Wade Goodwyn

Wade Goodwyn is an NPR National Desk Correspondent covering Texas and the surrounding states.

Reporting since 1991, Goodwyn has covered a wide range of issues, from mass shootings and hurricanes to Republican politics. Whatever it might be, Goodwyn covers the national news emanating from the Lone Star State.

Though a journalist, Goodwyn really considers himself a storyteller. He grew up in a Southern storytelling family and tradition, he considers radio an ideal medium for narrative journalism. While working for a decade as a political organizer in New York City, he began listening regularly to WNYC, which eventually led him to his career as an NPR reporter.

In a recent profile, Goodwyn's voice was described as being "like warm butter melting over BBQ'd sweet corn." But he claims, dubiously, that his writing is just as important as his voice.

Goodwyn is a graduate of the University of Texas with a degree in history. He lives in Dallas with his famliy.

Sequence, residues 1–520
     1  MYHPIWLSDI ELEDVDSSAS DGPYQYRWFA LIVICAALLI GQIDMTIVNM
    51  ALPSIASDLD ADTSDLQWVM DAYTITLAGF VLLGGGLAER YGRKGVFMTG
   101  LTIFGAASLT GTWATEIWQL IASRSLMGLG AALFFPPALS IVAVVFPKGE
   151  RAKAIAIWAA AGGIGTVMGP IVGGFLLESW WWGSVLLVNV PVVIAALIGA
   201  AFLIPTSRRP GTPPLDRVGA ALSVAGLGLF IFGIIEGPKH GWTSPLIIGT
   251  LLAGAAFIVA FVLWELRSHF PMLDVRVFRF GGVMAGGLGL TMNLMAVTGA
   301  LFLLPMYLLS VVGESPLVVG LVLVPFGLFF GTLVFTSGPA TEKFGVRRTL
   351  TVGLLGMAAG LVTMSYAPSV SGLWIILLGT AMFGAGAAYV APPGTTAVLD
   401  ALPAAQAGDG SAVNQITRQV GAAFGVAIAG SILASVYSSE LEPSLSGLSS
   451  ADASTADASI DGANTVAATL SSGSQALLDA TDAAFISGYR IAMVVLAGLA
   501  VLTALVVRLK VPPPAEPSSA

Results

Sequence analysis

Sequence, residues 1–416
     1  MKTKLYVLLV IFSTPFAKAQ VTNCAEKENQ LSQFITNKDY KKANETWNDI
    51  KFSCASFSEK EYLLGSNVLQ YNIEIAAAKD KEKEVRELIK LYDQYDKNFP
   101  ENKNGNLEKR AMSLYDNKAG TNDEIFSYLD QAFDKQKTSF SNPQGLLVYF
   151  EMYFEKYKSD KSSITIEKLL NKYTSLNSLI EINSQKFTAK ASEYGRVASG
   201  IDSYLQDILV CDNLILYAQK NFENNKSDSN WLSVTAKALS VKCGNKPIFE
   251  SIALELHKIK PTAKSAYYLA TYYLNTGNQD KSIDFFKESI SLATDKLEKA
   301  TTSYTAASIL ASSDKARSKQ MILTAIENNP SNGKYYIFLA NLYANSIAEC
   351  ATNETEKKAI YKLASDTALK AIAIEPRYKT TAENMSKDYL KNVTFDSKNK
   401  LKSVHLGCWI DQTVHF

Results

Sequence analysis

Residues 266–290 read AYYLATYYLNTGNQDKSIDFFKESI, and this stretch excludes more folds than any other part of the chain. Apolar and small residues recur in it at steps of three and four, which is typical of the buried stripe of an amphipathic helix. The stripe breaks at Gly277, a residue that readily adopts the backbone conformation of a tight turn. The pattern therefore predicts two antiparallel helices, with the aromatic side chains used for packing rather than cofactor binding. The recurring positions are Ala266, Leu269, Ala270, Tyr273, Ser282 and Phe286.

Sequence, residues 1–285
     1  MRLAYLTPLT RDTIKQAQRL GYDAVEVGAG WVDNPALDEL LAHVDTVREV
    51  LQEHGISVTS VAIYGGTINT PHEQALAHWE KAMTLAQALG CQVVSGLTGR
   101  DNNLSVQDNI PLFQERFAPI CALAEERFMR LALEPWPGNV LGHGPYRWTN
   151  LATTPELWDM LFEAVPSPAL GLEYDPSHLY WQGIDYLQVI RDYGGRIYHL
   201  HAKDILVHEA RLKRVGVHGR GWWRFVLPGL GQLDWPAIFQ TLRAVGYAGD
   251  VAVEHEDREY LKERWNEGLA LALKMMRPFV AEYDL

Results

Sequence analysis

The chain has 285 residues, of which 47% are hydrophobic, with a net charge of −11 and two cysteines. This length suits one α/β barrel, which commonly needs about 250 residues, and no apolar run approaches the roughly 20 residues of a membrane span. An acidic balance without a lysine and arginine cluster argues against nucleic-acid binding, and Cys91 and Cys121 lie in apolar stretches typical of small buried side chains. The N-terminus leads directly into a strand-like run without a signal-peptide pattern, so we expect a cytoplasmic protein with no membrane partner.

The civil rights movement largely passed East Texas by in the 1950s and '60s. Today, more than a half century later, there remains little tradition of protest in the region — part of plantation country during slavery — and scant experience with organizing.

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The Boy Scouts of America has filed for bankruptcy, a sign of the century-old organization's financial instability as it faces some 300 lawsuits from men who say they were sexually abused as Scouts.

The organization says it will use the Chapter 11 process to create a trust to provide compensation to victims. Scouting programs will continue throughout.

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Today, it's almost hard to remember just how different the Texas government was back in the 1970s. That's when Molly Ivins scorched a trail through good-ol'-boy politics like a flamethrower through a cactus patch.

"The legislature was fairly corrupt in those days," she said to NPR in 2006. "And the fact that it was, and that everybody knew it, and that people laughed about it, struck me as worth reporting. And I thought: Why not put it in the way it is?"

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